Quartermaster School NCO gains national recognition
June 15, 2012
By Amy Perry
FORT LEE, Va. (June 14, 2012) -- A noncommissioned officer from the Petroleum and Water Department here earned the Army's first award from the National Petroleum Management Association.
Staff Sgt. Ricardo Hamlin, PWD Laboratory Training Division team chief, earned the Outstanding Quality Manager Award from the national association during the Army's first year of being part of it.
"I didn't know I was even nominated," Hamlin said. "When I received the award, I was really humbled. I didn't think I deserved it. I was happy the Army received the recognition."
Hamlin's boss, Jose A. Hernandez, PWD Laboratory Training Division chief, said he was selected because his efforts as the Petroleum Training Facility Quality Manager were worthy of recognition.
"Staff Sgt. Hamlin is a true subject matter expert," Hernandez said. "His expertise is demonstrated daily. True professional, selfless service, subject matter expert, and an ever-present zest for quality made him the right choice. The qualities he embodies are hard to find."
Recently, Hamlin went out as part of a mobile training team to Afghanistan to support the new fielding of forward deployed laboratories. Hernandez said his knowledge was instrumental in the introduction and training of the Petroleum Quality Analysis System -- Enhanced, which is an automated system that is now a subject of training for PWD students as well.
Fort Lee keeps a reserve of fuel on the installation to be prepared if there's ever a reason a nearby location needs fuel -- such as bad fuel at another organization or a national disaster -- and it's part of Hamlin's job to continually test the fuel for quality.
"I also test every fuel truck that comes in or out," he said. "I need to make sure our fuel stays on specification and doesn't get contaminated -- that we are ready for every situation.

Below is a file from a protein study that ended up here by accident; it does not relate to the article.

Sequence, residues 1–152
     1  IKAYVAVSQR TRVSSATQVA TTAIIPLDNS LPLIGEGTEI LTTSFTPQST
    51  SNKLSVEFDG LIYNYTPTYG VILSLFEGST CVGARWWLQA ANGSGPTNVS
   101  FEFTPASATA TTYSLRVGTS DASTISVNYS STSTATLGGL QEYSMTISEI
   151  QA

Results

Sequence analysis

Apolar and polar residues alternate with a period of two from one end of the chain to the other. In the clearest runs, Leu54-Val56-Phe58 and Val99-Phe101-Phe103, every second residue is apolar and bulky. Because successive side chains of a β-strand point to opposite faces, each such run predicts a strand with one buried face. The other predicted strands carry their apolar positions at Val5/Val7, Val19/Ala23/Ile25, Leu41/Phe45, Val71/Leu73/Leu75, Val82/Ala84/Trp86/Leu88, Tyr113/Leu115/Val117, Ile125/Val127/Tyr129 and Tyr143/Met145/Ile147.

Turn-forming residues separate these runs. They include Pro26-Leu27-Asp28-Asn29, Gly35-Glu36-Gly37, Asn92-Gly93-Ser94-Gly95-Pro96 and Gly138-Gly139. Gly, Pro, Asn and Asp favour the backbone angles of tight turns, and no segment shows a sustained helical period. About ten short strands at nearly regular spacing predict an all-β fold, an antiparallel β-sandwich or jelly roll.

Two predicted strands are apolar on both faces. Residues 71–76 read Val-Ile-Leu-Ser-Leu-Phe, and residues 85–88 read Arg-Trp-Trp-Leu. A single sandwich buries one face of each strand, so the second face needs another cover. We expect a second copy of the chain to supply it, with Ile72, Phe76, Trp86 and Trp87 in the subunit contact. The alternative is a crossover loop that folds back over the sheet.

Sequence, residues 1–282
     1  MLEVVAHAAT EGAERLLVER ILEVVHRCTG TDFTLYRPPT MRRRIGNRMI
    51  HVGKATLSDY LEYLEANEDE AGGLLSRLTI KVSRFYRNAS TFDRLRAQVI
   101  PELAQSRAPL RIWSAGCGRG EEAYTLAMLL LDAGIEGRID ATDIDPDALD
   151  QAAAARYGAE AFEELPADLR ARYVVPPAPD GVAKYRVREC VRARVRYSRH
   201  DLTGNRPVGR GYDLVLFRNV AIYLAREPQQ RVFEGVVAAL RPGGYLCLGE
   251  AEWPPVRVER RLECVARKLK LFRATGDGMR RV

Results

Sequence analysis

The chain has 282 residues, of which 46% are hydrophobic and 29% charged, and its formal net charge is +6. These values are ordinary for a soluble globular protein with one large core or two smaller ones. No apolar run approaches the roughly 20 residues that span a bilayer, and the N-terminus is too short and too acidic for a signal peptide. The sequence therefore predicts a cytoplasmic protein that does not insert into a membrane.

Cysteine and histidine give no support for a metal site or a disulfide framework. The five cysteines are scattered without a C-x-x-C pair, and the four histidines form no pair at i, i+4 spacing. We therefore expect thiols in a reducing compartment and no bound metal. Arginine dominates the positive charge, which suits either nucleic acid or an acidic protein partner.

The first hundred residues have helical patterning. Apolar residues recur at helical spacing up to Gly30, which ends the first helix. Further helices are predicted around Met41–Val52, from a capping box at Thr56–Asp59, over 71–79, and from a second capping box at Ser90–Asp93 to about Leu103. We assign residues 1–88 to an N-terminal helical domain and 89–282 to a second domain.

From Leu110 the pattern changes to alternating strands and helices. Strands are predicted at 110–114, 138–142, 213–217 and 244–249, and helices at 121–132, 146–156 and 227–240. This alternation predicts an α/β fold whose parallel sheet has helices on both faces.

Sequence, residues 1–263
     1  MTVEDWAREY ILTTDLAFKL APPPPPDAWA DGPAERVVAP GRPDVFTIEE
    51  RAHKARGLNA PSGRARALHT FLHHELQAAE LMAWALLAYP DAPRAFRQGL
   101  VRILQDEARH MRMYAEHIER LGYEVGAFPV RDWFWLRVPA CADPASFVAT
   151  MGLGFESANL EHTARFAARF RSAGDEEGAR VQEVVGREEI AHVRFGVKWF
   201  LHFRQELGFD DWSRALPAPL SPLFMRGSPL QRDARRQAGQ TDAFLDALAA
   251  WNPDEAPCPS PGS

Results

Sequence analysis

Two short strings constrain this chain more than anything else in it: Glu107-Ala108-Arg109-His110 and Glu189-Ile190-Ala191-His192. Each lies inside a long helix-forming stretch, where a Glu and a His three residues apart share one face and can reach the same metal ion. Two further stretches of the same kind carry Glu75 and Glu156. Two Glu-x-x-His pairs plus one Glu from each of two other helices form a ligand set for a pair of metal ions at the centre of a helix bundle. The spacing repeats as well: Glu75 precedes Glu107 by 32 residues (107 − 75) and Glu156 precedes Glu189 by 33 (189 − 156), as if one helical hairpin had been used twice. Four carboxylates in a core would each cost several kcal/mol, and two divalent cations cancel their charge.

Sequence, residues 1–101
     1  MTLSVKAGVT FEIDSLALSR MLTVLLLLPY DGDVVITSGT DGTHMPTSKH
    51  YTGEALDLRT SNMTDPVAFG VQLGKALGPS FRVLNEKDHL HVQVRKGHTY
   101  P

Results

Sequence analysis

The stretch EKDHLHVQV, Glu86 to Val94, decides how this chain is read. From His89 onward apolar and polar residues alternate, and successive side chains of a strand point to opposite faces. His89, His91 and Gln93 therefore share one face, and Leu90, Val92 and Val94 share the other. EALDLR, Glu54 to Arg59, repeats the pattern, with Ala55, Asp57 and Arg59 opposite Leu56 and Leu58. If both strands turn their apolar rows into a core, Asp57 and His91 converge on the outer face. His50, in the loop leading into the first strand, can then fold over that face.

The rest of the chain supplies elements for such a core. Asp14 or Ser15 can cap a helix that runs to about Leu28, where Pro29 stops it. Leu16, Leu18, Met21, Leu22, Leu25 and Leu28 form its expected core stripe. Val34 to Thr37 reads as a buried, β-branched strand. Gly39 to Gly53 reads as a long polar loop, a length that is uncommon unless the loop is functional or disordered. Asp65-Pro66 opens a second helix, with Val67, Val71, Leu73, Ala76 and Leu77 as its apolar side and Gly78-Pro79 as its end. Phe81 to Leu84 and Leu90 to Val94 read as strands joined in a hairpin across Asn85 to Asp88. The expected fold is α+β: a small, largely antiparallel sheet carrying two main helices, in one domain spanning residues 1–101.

"We have to be ready to provide fuel to other organizations at a moment's notice -- and we don't have time to start testing it when they say they need it,' he continued. "We have to continually test the fuel to be sure it's ready for any situation."
Although he started out as a personnel specialist, Hamlin said he's passionate about his current MOS.
"I really do believe in quality, and I've seen what happens if quality isn't met," he said. "This is a behind-the-scenes job, and most don't understand this type of work. When you go on an aircraft, the passenger shouldn't have to worry about the fuel."
Hamlin said the NPMA is an association that was developed by fuel handlers to recognize achievement and build camaraderie and networking.
"It's a great organization to belong to because it gets the Army recognized throughout the petroleum world," he said.
Becoming part of this organization opens the door for credentialing opportunities for several quartermaster military occupational specialties, said Hernandez.
"The recently announced presidential initiative to prepare veterans for civilian re-integration and to aid with certifications that will lead to civilian sector employment led the QM School-PWD leadership to NPMA," he said. "NPMA is a nationally recognized association. It has a strong credentialing program, and it provides a credentialing conduit for 92F and 92L personnel."